Bitcoin is a digital asset often described as a “commodity” because it shares many characteristics with traditional commodities like gold and oil or corn. Like other commodities, supply and demand market forces determine the value of Bitcoin as it trades continuously, 24/7, on various exchanges.
Additionally, just like other commodities, Bitcoin is not backed by any central authority, and it does not derive its value from any particular currency or country. Instead, the market’s perception of its worth determines its value.
One key characteristic that makes Bitcoin a commodity is its finite supply. Unlike traditional fiat currencies, which can be printed or created by central banks, the total supply of Bitcoin is fixed. Satoshi Nakamoto, the creator of Bitcoin, capped the supply at 21 million units in the source code. This limited supply means that, as demand for Bitcoin increases, the value of each unit is likely to rise.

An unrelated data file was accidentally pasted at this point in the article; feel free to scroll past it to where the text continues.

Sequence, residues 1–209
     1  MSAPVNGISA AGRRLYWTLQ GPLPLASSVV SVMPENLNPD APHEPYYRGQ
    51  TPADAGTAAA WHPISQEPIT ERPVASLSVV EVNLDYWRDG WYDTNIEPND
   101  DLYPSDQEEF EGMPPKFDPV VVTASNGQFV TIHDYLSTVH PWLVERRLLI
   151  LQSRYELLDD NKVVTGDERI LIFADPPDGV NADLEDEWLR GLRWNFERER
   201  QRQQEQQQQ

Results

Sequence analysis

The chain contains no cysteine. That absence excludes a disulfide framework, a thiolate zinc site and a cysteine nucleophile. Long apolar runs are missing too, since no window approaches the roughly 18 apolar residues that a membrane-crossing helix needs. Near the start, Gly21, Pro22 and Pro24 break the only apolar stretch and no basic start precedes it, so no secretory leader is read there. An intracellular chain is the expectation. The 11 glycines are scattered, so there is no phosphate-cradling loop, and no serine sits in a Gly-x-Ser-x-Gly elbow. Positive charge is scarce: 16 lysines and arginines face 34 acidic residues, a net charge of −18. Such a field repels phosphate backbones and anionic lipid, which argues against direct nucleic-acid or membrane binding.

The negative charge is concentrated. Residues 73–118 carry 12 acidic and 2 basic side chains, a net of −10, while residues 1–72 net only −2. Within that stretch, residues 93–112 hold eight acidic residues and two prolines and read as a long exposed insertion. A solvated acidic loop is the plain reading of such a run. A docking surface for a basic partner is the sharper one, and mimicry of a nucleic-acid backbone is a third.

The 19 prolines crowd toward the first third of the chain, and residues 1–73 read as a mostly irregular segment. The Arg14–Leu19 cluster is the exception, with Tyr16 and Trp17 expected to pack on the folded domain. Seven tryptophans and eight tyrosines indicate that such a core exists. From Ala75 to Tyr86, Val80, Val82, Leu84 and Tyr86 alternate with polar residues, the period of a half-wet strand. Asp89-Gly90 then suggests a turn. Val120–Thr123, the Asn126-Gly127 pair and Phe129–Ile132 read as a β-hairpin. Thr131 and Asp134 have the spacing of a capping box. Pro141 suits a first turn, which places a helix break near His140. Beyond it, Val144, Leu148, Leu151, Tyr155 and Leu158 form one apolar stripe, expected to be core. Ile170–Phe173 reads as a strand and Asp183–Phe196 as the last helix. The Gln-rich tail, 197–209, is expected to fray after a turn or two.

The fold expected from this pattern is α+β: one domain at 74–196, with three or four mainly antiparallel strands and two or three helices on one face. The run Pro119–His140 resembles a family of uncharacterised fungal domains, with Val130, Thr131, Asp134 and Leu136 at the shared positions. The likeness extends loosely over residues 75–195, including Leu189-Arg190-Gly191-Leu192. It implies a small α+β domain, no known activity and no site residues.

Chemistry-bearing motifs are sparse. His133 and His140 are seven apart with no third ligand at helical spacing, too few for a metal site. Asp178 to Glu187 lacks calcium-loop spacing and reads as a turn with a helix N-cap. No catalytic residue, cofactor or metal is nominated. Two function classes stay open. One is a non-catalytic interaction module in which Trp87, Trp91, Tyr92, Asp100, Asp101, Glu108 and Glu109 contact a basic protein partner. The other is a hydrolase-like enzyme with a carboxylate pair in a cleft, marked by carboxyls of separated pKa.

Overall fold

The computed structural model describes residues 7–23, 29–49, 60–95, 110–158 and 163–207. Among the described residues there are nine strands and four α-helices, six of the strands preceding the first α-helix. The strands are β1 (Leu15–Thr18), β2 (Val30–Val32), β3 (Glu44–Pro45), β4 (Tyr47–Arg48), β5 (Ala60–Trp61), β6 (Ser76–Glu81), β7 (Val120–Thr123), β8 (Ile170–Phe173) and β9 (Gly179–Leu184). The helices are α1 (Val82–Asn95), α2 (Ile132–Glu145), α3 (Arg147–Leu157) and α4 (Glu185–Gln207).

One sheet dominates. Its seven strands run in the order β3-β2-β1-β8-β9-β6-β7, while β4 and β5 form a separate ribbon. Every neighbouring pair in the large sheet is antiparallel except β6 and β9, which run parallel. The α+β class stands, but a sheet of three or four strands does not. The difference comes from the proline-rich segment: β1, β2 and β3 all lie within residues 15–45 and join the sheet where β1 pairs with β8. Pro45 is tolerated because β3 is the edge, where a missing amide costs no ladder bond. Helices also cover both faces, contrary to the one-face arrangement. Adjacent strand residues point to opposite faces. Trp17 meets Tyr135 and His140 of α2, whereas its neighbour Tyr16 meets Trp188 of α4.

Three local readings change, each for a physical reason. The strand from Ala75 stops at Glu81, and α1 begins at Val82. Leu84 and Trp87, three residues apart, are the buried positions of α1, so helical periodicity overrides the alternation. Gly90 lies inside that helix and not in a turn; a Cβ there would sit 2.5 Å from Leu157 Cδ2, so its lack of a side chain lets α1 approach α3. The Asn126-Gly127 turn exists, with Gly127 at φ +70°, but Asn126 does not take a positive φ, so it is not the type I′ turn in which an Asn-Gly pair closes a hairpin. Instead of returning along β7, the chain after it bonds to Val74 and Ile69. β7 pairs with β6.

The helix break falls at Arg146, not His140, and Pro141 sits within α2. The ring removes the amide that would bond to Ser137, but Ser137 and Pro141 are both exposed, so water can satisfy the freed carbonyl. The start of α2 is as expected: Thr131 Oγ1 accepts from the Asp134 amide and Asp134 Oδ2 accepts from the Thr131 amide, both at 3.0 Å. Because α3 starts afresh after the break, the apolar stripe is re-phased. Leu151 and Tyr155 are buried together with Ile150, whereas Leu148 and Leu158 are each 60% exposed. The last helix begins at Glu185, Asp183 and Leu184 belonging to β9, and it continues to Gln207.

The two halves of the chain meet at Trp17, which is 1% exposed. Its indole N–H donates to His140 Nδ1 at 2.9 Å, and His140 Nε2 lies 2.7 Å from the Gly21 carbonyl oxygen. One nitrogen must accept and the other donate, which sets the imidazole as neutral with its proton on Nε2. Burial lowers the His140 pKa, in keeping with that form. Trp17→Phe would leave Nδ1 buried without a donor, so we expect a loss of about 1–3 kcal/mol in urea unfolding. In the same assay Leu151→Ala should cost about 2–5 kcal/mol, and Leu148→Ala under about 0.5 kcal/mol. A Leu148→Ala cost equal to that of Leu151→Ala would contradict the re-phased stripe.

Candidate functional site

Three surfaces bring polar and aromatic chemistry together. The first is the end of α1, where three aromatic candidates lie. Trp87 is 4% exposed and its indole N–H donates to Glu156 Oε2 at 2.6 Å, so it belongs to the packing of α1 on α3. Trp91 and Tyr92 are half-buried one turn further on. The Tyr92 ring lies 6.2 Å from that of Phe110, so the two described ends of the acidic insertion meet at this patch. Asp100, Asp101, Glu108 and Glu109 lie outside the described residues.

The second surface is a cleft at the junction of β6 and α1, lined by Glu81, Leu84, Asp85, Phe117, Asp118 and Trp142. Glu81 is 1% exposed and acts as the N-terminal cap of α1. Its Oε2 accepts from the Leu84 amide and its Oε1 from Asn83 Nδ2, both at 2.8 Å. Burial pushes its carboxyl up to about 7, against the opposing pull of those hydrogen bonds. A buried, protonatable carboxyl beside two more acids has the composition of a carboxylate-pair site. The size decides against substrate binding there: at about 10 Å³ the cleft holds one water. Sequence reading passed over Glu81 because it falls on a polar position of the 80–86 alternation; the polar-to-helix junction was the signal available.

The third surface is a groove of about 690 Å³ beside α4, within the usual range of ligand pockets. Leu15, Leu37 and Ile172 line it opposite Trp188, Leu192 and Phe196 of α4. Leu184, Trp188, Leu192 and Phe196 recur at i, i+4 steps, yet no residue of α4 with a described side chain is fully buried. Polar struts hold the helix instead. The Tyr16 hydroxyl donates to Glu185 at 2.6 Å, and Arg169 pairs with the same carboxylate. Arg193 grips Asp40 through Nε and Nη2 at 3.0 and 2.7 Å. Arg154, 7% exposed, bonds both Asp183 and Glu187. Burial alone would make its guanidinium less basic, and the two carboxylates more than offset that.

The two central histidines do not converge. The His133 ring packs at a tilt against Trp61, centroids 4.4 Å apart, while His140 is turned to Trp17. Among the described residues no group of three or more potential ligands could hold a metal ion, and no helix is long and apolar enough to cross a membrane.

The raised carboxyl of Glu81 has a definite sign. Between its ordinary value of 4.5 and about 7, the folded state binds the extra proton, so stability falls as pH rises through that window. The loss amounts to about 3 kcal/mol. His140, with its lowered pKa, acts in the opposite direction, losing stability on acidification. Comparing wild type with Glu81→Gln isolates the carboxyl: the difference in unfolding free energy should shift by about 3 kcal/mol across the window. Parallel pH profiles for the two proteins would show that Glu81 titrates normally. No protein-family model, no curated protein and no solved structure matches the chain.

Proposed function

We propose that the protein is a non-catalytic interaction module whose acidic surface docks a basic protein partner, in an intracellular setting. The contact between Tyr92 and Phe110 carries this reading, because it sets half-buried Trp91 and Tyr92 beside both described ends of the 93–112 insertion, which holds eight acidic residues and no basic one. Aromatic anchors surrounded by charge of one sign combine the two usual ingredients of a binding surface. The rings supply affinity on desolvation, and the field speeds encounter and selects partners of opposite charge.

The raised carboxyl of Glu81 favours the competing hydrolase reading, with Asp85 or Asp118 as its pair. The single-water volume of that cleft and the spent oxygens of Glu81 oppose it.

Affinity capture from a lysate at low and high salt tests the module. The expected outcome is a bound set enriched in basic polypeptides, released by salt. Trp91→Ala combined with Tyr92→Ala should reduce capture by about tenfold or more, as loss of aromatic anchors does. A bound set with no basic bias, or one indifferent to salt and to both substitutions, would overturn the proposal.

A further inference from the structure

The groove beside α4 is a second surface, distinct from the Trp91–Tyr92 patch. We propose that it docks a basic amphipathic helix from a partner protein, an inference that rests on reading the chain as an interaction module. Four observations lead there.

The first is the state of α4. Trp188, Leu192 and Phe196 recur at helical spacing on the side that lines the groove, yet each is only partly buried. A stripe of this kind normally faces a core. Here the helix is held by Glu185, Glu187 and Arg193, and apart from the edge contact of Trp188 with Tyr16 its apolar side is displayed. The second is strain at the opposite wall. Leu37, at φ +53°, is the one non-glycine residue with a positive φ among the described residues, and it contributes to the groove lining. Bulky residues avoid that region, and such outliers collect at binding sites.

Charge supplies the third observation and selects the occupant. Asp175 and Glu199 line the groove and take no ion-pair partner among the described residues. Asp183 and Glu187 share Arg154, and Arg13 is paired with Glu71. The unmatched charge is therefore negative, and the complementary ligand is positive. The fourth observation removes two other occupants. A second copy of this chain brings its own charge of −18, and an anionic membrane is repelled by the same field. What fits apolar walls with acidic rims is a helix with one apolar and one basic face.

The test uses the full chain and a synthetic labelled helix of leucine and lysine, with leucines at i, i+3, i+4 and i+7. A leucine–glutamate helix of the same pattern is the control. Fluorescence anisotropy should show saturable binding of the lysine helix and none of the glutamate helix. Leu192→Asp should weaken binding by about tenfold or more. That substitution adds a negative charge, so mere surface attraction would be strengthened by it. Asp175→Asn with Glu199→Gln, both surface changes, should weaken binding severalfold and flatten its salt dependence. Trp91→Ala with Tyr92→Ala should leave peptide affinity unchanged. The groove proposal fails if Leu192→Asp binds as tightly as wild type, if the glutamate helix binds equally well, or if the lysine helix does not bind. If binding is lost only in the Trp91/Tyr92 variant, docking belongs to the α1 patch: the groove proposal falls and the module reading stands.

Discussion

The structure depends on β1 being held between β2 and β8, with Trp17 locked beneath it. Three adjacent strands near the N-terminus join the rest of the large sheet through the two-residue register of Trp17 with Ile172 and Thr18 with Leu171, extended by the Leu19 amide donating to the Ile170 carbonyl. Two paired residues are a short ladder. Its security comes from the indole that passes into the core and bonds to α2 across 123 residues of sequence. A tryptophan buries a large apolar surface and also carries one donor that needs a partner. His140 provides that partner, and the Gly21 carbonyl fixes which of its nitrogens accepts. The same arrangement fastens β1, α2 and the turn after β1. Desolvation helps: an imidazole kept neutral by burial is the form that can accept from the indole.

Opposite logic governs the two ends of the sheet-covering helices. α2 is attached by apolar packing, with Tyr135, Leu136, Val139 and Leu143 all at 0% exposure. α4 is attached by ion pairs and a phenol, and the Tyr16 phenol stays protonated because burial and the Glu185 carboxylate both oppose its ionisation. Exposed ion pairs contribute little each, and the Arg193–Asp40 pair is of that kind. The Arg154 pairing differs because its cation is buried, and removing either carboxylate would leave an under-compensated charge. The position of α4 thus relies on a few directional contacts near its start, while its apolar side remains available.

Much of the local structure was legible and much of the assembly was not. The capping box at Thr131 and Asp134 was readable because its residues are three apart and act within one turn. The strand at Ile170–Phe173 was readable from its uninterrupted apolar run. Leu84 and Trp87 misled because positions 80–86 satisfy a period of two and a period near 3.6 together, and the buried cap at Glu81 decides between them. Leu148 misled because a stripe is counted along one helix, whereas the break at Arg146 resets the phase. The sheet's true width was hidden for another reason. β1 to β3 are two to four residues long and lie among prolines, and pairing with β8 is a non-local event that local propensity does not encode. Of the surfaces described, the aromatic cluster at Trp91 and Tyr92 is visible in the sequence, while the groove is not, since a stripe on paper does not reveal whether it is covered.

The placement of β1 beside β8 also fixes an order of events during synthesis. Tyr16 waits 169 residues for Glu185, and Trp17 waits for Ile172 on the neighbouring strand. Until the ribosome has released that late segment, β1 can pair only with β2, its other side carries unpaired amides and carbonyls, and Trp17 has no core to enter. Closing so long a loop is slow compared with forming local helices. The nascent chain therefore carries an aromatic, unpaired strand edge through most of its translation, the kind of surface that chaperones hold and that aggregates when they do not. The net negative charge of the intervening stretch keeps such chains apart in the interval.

Another characteristic that makes Bitcoin a commodity is its decentralized nature. Unlike traditional currencies, which are issued and controlled by central banks, Bitcoin is a decentralized digital currency that operates on a global network of computers. This decentralized nature makes Bitcoin resistant to censorship and allows for transactions to take place without the need for a central authority.